Ryan falls short in first test of Trump presidency
WASHINGTON — House Speaker Paul Ryan guaranteed a win on the Republican plan to dismantle Barack Obama’s health care law. Instead, he suffered a brutal defeat, cancelling a vote and admitting “we’re going to be living with Obamacare for the foreseeable future.”
Friday’s stinging rebuke is an ominous sign for President Donald Trump’s agenda, from taxes to infrastructure to the budget. Looming in a few weeks is the need to agree on a bill to keep the government open. After the health care debacle, Trump told Republican leaders he’s moving on.
The episode is a danger point for the relationship between Trump and Ryan, who had an awkward pairing during the campaign but worked in tandem on the GOP health measure.
“I like Speaker Ryan,” Trump said. “I think Paul really worked hard.”
Virtually every congressional Republican won election promising to repeal the Affordable Care Act (ACA), also known as Obamacare. With a Republican in the White House, passage seemed almost guaranteed.
In a statement released after Republicans pulled the bill Friday afternoon, Congressman Scott Perry, R-York County, acknowledged running on repealing the ACA — “not two-thirds of it, but the entire thing.
“The replacement bill ... repeals the individual mandate and the employer mandate, but fails to end government control of personal health care,” Perry said in the statement. “The fundamental problem with the ACA was the government takeover of personal health care decisions. Until we address that key point, we’ll never get to the root of the issue of rising costs and providing people with greater choice and flexibility in their health care coverage.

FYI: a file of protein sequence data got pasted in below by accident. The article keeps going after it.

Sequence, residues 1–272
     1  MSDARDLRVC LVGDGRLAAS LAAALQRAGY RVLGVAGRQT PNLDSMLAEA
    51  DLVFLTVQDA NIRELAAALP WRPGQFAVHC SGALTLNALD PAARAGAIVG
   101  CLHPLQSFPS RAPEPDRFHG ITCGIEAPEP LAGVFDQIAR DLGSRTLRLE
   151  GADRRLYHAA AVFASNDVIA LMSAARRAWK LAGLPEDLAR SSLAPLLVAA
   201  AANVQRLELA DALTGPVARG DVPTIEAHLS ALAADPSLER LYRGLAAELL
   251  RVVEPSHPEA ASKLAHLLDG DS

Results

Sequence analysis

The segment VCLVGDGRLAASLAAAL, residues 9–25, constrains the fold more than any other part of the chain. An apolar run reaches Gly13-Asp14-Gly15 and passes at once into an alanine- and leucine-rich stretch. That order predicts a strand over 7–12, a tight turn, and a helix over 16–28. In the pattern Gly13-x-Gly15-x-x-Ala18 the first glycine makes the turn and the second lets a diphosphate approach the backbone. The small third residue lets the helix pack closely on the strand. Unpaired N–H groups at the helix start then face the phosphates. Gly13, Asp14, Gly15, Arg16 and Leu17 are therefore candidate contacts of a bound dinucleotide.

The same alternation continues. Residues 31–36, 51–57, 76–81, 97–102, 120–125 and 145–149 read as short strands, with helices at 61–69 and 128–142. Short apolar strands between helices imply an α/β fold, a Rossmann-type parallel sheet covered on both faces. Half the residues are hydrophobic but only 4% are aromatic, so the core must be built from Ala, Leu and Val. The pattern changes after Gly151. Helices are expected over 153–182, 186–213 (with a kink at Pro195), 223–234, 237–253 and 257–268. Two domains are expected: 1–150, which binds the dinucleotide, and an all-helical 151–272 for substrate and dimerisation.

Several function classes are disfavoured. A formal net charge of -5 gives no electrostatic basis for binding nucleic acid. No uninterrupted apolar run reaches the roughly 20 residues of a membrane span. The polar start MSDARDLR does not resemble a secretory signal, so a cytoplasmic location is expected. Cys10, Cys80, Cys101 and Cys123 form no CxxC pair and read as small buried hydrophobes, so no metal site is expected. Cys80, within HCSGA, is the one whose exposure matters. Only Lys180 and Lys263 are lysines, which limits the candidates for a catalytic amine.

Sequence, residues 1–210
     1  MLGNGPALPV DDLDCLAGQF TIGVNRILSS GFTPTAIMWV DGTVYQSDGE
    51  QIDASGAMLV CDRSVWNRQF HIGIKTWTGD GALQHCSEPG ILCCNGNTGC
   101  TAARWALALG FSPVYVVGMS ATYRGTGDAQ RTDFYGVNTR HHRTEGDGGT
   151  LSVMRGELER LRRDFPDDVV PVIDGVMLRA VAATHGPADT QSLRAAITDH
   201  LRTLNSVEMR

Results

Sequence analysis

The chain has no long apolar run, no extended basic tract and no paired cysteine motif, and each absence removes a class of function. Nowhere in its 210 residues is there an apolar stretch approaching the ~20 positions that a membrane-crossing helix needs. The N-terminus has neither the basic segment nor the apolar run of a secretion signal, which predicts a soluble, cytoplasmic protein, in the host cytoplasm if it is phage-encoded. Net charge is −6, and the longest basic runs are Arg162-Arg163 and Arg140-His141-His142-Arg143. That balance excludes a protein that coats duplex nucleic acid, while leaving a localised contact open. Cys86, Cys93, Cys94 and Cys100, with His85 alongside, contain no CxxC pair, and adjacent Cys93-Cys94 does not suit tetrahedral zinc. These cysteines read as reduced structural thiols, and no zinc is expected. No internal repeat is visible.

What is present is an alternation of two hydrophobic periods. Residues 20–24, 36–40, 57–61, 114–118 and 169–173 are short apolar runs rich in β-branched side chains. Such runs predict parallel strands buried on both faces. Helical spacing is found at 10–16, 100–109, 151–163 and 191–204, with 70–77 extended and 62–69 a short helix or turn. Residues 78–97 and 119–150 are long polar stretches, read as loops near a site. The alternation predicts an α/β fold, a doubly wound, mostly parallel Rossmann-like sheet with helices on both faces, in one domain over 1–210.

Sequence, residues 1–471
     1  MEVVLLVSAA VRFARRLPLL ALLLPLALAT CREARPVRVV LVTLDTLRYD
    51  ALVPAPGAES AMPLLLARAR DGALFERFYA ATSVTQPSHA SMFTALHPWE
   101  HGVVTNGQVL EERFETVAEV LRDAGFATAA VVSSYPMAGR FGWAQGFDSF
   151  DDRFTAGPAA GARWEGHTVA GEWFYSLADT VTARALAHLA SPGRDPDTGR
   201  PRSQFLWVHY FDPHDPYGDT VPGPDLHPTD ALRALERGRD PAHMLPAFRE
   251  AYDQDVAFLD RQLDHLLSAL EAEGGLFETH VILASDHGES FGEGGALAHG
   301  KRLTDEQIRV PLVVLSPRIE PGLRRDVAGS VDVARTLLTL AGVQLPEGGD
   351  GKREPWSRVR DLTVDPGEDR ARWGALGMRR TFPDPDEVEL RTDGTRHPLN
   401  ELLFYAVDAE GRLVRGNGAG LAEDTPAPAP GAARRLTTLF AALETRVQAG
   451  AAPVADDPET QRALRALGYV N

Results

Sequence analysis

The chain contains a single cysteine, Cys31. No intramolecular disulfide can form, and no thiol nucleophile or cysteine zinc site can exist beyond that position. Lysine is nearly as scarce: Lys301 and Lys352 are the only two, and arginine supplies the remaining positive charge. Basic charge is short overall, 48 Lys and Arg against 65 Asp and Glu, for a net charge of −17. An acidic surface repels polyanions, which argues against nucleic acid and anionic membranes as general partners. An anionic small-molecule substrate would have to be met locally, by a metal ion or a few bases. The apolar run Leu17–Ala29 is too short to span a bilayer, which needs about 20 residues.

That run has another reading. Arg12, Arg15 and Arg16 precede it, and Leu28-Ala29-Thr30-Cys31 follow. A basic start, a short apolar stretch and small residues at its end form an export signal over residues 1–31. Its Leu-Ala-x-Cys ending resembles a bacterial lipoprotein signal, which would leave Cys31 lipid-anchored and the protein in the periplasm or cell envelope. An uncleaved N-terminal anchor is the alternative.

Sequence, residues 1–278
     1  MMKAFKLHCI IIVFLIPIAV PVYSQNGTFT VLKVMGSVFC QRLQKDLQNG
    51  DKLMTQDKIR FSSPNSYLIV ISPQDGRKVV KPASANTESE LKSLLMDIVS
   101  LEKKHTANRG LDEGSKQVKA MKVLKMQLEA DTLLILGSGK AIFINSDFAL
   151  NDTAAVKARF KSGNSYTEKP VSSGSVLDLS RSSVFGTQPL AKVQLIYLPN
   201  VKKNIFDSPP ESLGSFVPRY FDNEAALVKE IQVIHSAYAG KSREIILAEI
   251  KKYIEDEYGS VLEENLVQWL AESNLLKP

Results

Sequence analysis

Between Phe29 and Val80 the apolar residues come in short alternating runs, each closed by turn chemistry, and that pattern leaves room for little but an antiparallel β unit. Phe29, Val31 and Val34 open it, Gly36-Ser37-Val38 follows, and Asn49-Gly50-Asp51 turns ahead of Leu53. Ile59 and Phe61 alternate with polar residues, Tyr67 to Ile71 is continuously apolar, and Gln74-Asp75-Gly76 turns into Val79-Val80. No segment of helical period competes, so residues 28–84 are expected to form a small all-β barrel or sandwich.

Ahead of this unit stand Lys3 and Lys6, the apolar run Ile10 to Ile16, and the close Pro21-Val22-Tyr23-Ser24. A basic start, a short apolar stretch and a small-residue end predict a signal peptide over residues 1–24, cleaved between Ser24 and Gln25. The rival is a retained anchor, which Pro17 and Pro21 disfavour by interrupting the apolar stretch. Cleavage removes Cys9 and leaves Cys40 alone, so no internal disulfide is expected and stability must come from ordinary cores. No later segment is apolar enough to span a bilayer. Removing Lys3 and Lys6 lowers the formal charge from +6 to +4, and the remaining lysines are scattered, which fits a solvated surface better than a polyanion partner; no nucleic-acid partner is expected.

His constituents in Pennsylvania’s 4th Congressional District have repeatedly told him during his four years in Congress that they can’t afford health care, said Perry, a member of the conservative Freedom Caucus that united against the replacement bill.
“We simply must get costs down, and that starts with removing one-size-fits-all federal mandates,” he wrote. “Instead of trying to get this done quickly, let’s get it done right. I’ll continue to work with the President and my House colleagues to get a reasonable proposal through the House to repeal the ACA once and for all."
Ryan was steeped in the details of the replacement bill, even at one point replicating for a nationwide cable news audience a detailed PowerPoint presentation he delivered to his members.
Earlier this month, he said flatly, “We’ll have 218 (votes) when this thing comes to the floor, I can guarantee you that.”
Ryan was thrust into the speaker’s chair after the stunning 2015 resignation of John Boehner, R-Ohio, and a failed bid by Majority Leader Kevin McCarthy, R-Calif. At the time, Ryan held his dream job — chairman of the powerful, tax-writing Ways and Means Committee — but took the job as the last viable option to lead a fractured House GOP.
While Ryan eased comfortably into the job, he wasn’t the schmoozer Boehner was, a key skill in delivering like-minded but reluctant lawmakers. He lacked the steel and seasoning of Democratic rival Nancy Pelosi, D-Calif., who delivered Obamacare in the first place — and that took months, not weeks.